Paul Pierce, LeBron James Fouling Out Indicative of Inconsistent Officiating in Eastern Conference Finals

Paul Pierce, LeBron James Fouling Out Indicative of Inconsistent Officiating in Eastern Conference FinalsBOSTON — The squares of the parquet floor resembled a different type of surface on Sunday, when it took more than four quarters for the Celtics to finally put the Heat in checkmate.

First, Paul Pierce exited with his sixth foul, followed less than three minutes later by LeBron James. The final 1 minute, 51 seconds of Game 4 of the Eastern Conference Finals was played without either team's leader on the floor, and despite the hisses from the TD Garden crowd, the Celtics' 93-91 victory enabled them to get philosophical about the situation.

"It was like chess," Ray Allen said. "They took our queen. We took their queen."

Pierce, who fouled out for the third time in five games, and James were not the only players who dealt with foul trouble. Every starter finished with at least three personal fouls, while Mario Chalmers, Brandon Bass and Mickael Pietrus survived disqualification with five fouls each. The only thing that lessened the bite of fouling out for Pierce was seeing James follow him to the sideline.

"It was very frustrating," Pierce said. "But it's gratifying when you see the other star player fouling out also."

Gratification came easily with the victory, but for the fourth time in as many games this series the Celtics sounded less than thrilled with the officiating. Unlike in the first two games, when the Celtics seemed to feel the officiating was uneven, both teams seemed unhappy with the consistency of the officiating in Game 4.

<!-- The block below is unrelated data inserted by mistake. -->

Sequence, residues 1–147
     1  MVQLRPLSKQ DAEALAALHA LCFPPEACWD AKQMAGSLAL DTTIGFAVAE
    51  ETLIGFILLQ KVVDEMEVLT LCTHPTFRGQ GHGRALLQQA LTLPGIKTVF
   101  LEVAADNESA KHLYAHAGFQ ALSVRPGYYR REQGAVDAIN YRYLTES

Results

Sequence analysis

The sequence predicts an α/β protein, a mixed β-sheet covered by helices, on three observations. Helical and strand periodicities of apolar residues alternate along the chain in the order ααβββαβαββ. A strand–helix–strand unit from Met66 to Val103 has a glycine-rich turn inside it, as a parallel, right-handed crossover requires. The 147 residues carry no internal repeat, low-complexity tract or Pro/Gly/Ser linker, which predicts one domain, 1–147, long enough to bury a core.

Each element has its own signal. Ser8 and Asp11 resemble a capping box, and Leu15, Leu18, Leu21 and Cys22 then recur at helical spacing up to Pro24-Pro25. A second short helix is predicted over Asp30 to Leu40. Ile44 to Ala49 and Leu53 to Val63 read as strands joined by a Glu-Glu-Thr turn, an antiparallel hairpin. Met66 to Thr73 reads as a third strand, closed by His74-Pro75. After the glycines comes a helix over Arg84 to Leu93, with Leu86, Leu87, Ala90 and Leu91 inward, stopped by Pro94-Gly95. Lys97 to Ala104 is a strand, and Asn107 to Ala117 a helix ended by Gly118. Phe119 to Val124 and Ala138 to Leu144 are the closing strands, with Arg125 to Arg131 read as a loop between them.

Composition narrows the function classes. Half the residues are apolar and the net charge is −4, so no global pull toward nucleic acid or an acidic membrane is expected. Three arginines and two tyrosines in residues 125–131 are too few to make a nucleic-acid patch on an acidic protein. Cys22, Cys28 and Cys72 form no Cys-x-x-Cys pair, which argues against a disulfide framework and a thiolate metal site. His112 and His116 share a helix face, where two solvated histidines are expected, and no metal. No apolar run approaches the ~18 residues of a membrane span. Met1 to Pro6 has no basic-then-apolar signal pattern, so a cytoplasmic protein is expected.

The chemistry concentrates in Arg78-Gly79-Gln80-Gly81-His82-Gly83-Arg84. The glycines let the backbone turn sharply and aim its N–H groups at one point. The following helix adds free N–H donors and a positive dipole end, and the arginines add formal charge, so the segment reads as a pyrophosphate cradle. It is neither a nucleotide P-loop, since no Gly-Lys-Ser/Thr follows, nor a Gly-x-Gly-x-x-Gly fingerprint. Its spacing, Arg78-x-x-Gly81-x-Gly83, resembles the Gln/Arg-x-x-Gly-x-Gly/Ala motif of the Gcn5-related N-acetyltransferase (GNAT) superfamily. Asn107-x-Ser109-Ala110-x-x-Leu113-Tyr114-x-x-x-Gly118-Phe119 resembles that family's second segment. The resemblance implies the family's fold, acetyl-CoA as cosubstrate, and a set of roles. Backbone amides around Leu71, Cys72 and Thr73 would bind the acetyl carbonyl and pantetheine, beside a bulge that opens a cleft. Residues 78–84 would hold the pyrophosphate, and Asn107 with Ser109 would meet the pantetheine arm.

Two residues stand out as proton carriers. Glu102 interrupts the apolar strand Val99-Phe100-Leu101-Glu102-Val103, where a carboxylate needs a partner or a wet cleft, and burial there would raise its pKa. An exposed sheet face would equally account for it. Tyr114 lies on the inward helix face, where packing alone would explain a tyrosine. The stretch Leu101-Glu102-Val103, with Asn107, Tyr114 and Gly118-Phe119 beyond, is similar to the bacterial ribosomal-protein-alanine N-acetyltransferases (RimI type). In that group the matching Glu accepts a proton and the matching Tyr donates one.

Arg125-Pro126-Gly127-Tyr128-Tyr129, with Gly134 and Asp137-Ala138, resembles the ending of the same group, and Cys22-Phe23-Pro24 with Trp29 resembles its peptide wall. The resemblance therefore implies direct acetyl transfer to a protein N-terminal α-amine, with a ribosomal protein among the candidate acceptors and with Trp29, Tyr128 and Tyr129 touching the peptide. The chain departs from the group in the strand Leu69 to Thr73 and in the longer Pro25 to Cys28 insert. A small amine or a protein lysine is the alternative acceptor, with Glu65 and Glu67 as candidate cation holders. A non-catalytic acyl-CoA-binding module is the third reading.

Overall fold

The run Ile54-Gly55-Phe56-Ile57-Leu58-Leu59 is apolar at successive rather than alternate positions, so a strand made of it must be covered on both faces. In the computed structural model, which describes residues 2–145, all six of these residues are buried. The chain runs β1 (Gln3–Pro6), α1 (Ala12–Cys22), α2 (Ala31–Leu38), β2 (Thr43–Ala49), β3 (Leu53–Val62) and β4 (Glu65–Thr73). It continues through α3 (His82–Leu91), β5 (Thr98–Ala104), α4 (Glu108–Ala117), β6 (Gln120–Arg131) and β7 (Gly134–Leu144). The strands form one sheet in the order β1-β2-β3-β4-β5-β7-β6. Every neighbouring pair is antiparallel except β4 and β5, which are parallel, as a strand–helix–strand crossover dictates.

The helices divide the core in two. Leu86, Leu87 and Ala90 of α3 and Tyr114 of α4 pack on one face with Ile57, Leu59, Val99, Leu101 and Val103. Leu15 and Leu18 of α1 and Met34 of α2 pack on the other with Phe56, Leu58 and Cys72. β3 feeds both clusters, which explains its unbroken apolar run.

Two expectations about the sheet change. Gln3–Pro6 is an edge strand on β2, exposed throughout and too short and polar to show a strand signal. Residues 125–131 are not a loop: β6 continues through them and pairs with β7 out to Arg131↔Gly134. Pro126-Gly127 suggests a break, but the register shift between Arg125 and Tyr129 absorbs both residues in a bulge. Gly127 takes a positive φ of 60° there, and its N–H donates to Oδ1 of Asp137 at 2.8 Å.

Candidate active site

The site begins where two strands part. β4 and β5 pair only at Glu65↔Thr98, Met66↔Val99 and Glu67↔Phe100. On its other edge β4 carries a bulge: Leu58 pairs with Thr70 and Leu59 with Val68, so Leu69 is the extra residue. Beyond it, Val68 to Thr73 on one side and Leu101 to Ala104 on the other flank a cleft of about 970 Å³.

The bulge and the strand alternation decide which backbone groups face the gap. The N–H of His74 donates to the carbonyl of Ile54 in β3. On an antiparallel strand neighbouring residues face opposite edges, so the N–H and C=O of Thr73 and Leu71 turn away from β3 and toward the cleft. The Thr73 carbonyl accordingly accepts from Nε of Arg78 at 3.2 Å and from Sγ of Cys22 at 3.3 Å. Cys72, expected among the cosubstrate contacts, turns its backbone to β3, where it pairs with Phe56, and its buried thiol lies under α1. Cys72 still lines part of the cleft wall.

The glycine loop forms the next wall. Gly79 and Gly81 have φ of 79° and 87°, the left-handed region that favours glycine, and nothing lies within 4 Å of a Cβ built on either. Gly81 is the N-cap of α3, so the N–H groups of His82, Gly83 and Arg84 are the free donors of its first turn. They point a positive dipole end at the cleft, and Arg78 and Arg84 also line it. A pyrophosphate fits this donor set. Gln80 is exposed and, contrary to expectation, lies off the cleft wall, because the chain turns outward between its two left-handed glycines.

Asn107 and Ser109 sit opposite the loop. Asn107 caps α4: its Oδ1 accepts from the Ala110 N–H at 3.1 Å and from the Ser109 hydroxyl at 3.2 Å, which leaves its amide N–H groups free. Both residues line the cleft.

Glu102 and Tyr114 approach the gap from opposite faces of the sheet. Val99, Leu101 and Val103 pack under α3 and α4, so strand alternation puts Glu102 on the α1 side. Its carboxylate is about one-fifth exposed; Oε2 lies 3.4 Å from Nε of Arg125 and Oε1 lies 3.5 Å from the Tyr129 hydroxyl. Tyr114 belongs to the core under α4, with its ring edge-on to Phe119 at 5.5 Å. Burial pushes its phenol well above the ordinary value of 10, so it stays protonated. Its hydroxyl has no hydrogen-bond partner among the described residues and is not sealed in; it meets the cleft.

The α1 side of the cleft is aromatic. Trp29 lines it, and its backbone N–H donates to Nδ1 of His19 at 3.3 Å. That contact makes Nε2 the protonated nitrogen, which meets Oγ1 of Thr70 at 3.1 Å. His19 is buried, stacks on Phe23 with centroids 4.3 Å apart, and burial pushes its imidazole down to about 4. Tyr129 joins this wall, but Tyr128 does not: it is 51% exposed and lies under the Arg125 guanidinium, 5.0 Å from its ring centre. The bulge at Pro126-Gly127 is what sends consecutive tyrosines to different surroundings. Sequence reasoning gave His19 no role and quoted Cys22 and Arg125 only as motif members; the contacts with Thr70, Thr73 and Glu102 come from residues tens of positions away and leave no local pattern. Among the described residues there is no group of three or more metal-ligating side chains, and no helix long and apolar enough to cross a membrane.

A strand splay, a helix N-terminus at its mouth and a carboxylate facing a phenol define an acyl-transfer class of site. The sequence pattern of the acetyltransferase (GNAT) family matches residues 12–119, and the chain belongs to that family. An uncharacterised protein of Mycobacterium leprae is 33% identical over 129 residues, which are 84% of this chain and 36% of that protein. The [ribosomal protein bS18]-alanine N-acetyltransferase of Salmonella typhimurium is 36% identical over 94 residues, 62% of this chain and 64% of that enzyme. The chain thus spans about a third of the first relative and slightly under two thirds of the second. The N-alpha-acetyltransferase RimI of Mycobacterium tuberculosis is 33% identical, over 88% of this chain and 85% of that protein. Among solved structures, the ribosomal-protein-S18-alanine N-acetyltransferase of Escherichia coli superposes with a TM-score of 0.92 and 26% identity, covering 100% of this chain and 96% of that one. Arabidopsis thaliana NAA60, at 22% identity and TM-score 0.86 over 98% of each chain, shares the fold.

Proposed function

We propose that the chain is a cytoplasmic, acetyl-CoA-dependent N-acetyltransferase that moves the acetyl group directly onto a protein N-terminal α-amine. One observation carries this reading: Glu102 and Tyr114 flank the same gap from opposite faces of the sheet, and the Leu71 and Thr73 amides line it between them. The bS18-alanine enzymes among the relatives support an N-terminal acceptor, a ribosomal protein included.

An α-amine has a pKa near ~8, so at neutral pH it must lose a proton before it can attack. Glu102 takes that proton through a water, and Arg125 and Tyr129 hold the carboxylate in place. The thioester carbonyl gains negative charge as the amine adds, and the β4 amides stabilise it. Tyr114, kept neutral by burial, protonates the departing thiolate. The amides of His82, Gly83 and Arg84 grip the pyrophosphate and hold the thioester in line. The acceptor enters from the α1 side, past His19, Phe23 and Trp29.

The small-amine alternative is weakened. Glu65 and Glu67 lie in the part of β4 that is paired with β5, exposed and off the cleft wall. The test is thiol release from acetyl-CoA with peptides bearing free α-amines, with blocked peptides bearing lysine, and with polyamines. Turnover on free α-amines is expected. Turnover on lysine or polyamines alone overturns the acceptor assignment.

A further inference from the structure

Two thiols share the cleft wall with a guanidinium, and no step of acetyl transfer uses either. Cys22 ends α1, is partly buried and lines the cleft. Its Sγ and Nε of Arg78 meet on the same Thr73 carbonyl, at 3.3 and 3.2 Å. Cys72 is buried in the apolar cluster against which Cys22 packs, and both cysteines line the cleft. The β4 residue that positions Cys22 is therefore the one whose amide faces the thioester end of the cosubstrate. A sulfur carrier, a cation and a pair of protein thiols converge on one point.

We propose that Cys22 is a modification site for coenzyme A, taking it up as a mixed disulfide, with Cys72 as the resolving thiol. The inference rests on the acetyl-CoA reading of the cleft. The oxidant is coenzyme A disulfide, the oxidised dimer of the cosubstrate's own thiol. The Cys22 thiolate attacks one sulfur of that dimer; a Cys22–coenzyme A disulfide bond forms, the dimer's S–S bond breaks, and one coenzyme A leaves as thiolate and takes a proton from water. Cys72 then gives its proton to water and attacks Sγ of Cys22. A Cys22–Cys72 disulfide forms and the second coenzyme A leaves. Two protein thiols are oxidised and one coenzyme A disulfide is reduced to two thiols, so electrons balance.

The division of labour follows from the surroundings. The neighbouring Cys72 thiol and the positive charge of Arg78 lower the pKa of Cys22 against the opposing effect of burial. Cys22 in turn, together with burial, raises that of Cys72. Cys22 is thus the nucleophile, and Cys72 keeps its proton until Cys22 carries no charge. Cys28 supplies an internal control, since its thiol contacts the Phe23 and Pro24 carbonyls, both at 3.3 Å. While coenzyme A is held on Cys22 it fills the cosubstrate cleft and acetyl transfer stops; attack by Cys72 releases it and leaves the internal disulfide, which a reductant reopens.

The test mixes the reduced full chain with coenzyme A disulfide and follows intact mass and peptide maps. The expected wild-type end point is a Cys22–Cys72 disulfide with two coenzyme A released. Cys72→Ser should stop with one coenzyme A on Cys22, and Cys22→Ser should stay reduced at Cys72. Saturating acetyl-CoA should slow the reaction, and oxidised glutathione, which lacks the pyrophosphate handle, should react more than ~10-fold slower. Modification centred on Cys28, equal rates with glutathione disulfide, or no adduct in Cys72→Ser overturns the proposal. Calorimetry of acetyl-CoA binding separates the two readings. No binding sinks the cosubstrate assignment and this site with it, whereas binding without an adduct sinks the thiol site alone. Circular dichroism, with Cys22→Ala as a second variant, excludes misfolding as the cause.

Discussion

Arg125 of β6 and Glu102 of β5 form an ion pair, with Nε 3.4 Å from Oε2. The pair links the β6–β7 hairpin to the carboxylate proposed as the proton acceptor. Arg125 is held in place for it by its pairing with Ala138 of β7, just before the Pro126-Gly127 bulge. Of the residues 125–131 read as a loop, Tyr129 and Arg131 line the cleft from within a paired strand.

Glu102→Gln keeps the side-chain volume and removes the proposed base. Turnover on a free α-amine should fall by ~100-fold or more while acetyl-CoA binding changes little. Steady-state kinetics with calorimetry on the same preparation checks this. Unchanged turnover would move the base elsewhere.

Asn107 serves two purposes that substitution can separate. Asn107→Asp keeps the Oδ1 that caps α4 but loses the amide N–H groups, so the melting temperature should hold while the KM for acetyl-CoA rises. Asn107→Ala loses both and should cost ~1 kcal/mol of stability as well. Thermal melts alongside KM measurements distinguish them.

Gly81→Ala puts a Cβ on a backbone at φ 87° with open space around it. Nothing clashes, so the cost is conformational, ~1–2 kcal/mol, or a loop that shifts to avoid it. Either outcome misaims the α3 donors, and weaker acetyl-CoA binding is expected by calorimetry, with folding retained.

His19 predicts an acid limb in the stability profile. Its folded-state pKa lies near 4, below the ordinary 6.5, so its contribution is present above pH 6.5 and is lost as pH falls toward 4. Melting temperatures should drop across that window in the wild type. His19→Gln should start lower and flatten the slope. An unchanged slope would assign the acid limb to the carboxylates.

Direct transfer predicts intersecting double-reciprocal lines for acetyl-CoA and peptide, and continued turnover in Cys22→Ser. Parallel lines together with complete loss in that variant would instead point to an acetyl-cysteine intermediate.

Inconsistent officiating is the hardest type for a player to deal with, because adjustments are nearly impossible. If a foul in the first quarter is no longer a foul in the third quarter, foul trouble is inevitable for players who are constantly shifting with the rhythm of the game.

"It is, but you have to put the refs in a position to make some calls," Kevin Garnett said. "Doc stressed to us to stay aggressive. At times it is difficult to decipher, but you can't let it [affect] your aggression, especially during a run."

The officiating created issues for the coaches as well, although neither would specifically attest to it. Celtics coach Doc Rivers expressed satisfaction with the win and Heat coach Erik Spoelstra noted that there was no "textbook" for keeping star players out of foul trouble.

What both coaches and everyone else watching the game recognized, though, was that the game's crucial possessions in overtime did not include two of the best players to lace up sneakers in this series.

"That's a shame," Spoelstra said. "You hope that both teams have their guys and may the best team win."

The Celtics were the best, if incomplete, team on Sunday.

Have a question for Ben Watanabe? Send it to him via Twitter at @BenjeeBallgame or send it here.

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